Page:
Some places have a disproportionate impact in delegitimizing Israel. London, for example, is a center for international media, academic institutions, NGOs, human rights groups and a large Arab diaspora. It has always been fertile ground for radicals. There is widespread "colonialist/imperialist guilt" in London that for some translates "conveniently" into anti-Zionism, according to Reut's report.
London is also the scene for what Reut calls the "Red-Green Alliance" - an alliance of left-wing groups with the Muslim community in the UK. It merges the Left's view of anti-imperialism (Israel as the "little America") with a rejection of the concept of a Jewish state. This alliance has given birth to cooperation between solidarity NGOs, boycott movements, trade unions, influential academics and journalists, student leaders, left-wing politicians and Muslim organizations, all with one common cause: demonizing Israel.
It demonizes Israel by positing an "all-or-nothing" dynamic - boycotts are formulated as the only option of criticism of Israel. The attempt to paint pro-Palestinian activity as "trendy," while at the same time painting Zionism as imperialist, and Apartheid-like. Reut's assessment even goes as far to say that there are times when it is London, and not Ramallah, that sets the tone for Palestinian policy towards Israel.
"It's not the Palestinians who took over London - there are very few Palestinians within the Red-Green Alliance - it's leftist ideology from London that infiltrates Palestinian politics," the report states.
Reut's report distinguishes between "soft critics" of Israel and "hard-core delegitimizers," and posits that the hard-core group, made up of anti-Zionists, anti-Semites and radical Islamists, is always trying to coopt the "soft critic" group into a more radical position. Their goal is to blur the difference between legitimate criticism of Israeli policy and Israel's basic legitimacy. Reut's team suggests an effort should be made by Israel's defenders to drive a wedge between the soft and hard core critics of Israel in London. The soft critics are human rights groups like Oxfam that are critics of Israeli policy but not necessarily of its legitimacy.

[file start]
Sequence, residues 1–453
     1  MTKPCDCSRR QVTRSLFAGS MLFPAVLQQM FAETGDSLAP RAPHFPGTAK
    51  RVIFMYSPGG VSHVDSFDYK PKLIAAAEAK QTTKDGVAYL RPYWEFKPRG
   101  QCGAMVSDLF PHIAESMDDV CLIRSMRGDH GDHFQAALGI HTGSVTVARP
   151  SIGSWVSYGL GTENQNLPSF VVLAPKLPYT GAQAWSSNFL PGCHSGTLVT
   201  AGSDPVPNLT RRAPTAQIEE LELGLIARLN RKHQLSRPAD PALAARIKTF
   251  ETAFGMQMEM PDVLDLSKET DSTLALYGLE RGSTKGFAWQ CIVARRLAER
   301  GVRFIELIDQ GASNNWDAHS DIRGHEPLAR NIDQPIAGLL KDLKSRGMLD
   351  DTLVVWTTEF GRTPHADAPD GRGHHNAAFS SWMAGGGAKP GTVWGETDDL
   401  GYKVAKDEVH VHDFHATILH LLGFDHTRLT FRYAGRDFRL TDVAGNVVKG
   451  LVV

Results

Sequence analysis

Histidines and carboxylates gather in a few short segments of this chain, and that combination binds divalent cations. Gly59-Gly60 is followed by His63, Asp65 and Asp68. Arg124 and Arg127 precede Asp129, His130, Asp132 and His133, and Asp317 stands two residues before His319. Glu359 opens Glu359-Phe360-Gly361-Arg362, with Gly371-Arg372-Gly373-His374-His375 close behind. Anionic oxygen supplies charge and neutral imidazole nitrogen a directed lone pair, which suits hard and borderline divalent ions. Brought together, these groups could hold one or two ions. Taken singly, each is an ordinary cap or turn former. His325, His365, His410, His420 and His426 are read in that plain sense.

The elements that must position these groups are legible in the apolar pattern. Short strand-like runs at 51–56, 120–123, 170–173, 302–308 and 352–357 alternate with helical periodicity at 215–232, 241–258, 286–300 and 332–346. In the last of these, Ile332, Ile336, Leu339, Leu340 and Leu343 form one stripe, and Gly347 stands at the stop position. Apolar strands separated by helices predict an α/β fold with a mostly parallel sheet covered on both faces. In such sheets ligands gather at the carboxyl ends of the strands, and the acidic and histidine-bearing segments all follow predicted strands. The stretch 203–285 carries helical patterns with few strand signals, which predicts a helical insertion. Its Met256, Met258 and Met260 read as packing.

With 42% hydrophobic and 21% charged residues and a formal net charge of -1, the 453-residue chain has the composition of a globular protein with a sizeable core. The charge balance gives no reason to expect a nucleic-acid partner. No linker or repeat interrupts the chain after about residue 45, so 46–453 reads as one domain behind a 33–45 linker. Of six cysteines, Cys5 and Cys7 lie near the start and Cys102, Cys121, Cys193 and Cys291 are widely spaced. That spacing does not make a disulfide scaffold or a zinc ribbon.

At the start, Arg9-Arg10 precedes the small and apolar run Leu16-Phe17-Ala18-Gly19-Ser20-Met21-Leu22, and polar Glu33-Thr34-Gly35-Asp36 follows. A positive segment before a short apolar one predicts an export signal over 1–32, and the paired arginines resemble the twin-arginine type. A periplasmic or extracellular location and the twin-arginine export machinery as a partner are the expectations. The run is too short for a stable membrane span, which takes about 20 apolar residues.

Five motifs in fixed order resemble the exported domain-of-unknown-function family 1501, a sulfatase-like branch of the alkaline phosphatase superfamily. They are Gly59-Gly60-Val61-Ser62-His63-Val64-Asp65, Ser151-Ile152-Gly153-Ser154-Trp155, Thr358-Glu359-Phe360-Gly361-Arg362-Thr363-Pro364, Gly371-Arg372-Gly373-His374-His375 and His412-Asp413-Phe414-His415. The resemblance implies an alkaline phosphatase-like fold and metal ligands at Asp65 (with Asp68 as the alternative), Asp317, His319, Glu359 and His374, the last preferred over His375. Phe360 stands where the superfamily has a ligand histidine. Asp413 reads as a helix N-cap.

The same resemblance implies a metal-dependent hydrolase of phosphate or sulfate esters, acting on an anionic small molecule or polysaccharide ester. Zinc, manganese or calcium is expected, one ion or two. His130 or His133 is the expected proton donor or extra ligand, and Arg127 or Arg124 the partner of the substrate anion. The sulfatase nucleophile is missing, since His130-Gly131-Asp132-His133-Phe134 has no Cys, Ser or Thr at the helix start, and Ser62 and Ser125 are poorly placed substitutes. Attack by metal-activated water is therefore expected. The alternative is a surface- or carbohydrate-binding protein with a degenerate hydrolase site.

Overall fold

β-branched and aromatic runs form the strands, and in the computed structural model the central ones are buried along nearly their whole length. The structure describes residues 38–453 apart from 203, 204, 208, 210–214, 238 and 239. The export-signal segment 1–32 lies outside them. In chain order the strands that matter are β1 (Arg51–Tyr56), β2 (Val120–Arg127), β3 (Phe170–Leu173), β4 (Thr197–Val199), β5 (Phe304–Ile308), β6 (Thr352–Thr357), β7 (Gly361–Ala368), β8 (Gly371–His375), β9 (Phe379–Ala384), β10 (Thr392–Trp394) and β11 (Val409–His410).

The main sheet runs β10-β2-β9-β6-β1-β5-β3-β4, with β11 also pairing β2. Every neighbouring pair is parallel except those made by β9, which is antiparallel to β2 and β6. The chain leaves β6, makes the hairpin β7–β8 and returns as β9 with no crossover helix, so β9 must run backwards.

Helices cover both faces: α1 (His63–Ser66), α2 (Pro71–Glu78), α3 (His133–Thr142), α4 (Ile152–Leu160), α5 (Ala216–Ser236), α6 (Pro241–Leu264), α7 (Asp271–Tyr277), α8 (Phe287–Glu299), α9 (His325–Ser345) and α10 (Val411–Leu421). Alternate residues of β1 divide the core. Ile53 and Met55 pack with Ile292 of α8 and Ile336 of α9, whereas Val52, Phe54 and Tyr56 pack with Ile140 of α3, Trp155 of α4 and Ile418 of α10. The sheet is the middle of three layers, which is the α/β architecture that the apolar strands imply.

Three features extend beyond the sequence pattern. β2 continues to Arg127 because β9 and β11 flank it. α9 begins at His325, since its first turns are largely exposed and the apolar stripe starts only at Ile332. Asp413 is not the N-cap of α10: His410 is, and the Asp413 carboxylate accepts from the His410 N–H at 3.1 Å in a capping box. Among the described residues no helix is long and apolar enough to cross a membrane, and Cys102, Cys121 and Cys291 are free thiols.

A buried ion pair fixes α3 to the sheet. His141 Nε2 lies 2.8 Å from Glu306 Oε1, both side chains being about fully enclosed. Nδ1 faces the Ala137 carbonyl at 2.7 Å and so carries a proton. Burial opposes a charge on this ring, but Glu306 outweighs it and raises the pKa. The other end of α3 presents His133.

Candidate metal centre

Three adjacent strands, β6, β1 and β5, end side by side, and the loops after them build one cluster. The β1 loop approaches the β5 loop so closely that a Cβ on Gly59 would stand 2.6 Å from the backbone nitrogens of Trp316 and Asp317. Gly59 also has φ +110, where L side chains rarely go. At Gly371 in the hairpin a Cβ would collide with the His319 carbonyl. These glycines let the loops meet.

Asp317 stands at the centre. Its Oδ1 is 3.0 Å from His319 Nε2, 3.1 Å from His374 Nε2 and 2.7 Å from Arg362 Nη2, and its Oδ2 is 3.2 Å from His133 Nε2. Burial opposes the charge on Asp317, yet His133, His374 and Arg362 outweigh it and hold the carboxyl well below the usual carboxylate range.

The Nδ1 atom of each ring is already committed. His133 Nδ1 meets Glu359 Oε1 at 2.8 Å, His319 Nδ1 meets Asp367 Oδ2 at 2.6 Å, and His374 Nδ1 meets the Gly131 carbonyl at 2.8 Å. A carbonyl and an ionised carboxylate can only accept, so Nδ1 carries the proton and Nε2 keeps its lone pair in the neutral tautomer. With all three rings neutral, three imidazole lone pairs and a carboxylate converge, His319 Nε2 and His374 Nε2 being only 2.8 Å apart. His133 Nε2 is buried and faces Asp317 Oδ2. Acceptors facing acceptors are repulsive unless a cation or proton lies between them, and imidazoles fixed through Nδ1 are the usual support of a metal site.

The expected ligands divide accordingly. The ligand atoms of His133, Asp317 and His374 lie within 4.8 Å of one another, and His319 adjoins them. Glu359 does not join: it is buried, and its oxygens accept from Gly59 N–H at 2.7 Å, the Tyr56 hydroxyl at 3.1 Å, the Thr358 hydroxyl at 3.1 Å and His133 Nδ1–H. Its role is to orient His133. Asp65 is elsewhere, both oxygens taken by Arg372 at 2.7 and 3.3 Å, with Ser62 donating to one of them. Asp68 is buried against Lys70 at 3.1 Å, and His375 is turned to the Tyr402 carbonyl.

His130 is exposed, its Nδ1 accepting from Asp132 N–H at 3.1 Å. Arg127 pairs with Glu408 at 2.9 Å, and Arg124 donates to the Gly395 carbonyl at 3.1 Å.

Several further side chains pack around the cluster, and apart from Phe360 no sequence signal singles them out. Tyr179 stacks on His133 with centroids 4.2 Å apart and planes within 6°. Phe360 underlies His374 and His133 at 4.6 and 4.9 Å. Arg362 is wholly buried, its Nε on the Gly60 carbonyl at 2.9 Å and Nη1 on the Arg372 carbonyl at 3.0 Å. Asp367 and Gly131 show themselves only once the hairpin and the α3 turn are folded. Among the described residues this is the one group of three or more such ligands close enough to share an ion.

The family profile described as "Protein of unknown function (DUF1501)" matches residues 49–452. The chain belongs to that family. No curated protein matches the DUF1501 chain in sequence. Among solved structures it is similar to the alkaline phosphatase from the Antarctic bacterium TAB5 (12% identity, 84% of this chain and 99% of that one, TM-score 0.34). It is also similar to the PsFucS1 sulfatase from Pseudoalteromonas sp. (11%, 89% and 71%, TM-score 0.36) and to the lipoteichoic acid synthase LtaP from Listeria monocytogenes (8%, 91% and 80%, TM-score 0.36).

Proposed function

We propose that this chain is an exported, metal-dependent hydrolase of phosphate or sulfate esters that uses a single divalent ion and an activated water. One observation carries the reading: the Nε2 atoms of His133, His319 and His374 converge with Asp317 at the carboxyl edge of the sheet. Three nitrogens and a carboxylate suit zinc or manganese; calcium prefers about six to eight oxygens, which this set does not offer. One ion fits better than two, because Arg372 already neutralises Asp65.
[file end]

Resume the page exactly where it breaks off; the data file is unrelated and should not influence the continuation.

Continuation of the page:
According to Calev Ben-Dor, a member of the Reut mission to London, the perceived lack of options for those opposed to Israeli policy and wanting to "do something" to help Palestinians creates an "option vacuum" which often leads "soft critics" (those unhappy with specific Israeli policies) to adopt the positions of "hard delegitimizers" (who seek to undermine Israel's existence). A successful fight against delegitimization will have to include suggestions for how to drive a wedge between these two groups, Ben-Dor says.
Other recommendations presented by Reut to counter the hubs of delegitimacy are to break the "all-or-nothing" dynamic of criticism of Israel, place more Israeli diplomats in the hubs, be wary of "strange bedfellows" such as right-wing and evangelical organizations, brand Israel away from its image as purely a place of conflict, support anti-boycott campaigns (buy Israeli products), establish a "price tag" for attacking Israel and punish boycotters, promote Israel Studies Departments at universities, increase visits to Israel, and even persuade the Histadrut labor federation to get more involved with foreign trade unions.